The U.S. Environmental Protection Agency’s (EPA) newly proposed rule to remove certain barriers to expanded sales of E15, including E15 fuel dispenser labeling and compatibility with underground storage tanks, is welcome action, according to U.S. Sen. Joni Ernst (R-IA).
“On behalf of Iowa’s biofuel community, I’m glad to see EPA take this step; and, as the saying goes, ‘better late than never,’” said Sen. Ernst. “I will continue to be a champion for Iowa farmers and producers and work with the incoming administration to get this rule across the finish line.”
EPA currently requires fuel dispenser labels for gasoline-ethanol blends of greater than 10 volume percent ethanol and up to 15 volume percent ethanol (E15). The label was designed to alert consumers to the appropriate and lawful use of the fuel, according to a summary of the agency’s Jan. 19 proposed rule.
EPA proposes to either modify the E15 label or remove the label requirement entirely and is seeking comment on whether state and local governments may be preempted from requiring different labels on fuel dispensers, the summary says.
“To facilitate the proper storage of E15 in underground storage tank systems (USTs), EPA is proposing to modify the UST regulations to grant certain allowances for compatibility demonstration for storage of ethanol blends,” according to the Federal Register notice. “EPA is also proposing compatibility requirements for future UST installations or component replacements that would ensure compatibility with higher blends of ethanol.”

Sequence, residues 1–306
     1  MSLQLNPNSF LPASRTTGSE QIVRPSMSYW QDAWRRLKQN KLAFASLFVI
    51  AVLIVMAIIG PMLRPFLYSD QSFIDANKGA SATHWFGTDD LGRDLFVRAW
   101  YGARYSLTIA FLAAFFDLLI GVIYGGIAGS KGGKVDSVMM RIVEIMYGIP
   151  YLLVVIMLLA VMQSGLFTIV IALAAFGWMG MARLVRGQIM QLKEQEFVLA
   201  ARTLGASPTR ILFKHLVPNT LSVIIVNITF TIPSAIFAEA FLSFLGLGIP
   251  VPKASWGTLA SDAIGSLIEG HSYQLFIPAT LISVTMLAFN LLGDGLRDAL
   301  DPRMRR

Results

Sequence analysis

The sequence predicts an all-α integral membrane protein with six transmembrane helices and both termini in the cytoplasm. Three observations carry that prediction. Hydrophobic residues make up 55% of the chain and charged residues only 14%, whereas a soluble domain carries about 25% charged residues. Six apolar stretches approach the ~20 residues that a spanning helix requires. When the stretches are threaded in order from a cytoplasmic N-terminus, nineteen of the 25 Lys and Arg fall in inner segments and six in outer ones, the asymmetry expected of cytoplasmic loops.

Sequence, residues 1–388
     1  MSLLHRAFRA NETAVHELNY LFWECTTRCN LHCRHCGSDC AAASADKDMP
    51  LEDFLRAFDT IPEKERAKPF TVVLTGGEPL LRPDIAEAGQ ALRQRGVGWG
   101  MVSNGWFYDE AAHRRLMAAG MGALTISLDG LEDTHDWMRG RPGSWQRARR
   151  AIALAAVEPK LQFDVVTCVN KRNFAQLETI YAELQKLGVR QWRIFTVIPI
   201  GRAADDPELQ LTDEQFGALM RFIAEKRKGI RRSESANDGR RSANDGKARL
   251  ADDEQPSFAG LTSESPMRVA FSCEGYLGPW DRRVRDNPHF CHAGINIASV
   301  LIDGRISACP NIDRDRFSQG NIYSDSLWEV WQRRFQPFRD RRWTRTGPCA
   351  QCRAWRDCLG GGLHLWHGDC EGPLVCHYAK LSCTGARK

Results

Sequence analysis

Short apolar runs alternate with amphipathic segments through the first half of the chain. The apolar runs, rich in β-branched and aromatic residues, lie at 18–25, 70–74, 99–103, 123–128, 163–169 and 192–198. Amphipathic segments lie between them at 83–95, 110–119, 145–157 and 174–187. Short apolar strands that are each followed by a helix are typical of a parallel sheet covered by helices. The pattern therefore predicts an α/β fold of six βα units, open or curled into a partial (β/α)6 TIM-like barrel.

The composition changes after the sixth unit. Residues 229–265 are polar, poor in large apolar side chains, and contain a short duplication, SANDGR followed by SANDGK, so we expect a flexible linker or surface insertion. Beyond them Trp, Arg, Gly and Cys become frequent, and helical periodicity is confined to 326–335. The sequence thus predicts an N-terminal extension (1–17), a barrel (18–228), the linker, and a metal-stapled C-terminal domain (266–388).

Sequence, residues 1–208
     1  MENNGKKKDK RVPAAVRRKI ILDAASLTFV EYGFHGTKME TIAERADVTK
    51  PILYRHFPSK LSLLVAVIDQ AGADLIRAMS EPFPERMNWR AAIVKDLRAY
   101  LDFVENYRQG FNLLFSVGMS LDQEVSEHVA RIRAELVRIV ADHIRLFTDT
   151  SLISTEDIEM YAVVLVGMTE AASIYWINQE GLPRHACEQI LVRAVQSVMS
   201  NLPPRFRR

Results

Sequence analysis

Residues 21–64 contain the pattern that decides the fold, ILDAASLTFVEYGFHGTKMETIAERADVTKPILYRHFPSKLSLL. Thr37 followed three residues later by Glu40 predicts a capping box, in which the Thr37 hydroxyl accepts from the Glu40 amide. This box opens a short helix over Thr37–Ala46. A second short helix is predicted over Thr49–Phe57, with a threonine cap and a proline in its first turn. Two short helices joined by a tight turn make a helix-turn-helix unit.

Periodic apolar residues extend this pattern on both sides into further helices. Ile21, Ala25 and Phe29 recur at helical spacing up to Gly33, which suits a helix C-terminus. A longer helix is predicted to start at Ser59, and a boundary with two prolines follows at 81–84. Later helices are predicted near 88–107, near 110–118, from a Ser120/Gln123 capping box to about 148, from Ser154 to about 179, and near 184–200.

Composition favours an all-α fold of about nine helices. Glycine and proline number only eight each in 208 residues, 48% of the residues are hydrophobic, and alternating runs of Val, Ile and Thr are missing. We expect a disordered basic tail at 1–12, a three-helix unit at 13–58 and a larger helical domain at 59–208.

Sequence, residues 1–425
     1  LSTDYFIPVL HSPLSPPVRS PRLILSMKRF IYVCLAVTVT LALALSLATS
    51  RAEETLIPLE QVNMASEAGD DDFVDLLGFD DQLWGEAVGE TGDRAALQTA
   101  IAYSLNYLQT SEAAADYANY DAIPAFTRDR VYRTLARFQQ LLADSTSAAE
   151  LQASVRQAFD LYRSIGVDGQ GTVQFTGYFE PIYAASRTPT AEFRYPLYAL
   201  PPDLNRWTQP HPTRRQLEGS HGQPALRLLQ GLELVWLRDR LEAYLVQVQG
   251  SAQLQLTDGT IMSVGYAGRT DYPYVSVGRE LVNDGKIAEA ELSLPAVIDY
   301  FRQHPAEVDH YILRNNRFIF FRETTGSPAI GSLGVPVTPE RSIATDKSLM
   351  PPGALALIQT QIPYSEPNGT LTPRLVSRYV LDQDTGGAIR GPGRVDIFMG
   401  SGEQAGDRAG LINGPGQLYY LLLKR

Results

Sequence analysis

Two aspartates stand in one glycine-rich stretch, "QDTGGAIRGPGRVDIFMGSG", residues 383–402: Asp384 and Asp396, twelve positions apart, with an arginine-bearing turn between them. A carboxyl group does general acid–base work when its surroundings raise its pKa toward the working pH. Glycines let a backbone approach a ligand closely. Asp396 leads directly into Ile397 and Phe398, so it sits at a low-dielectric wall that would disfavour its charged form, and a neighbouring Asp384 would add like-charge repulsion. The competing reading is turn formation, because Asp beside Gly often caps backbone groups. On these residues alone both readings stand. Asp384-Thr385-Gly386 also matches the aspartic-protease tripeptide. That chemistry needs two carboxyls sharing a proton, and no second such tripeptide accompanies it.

Comments are due by April 19, the EPA says.
“I’ve long been calling for EPA to take action to expand access to higher blends of biofuel, like E15, and to provide more choice at the pump,” Sen. Ernst said. “This proposed rule would help remove barriers to increase sales of E15 by addressing issues with the label at the pump and underground storage tanks.”
Earlier this month, Sen. Ernst also spoke with President Joe Biden’s expected EPA Administrator nominee, Michael Regan, about the issue and the need to continue expanding access to higher blends of biofuel, according to the senator’s office.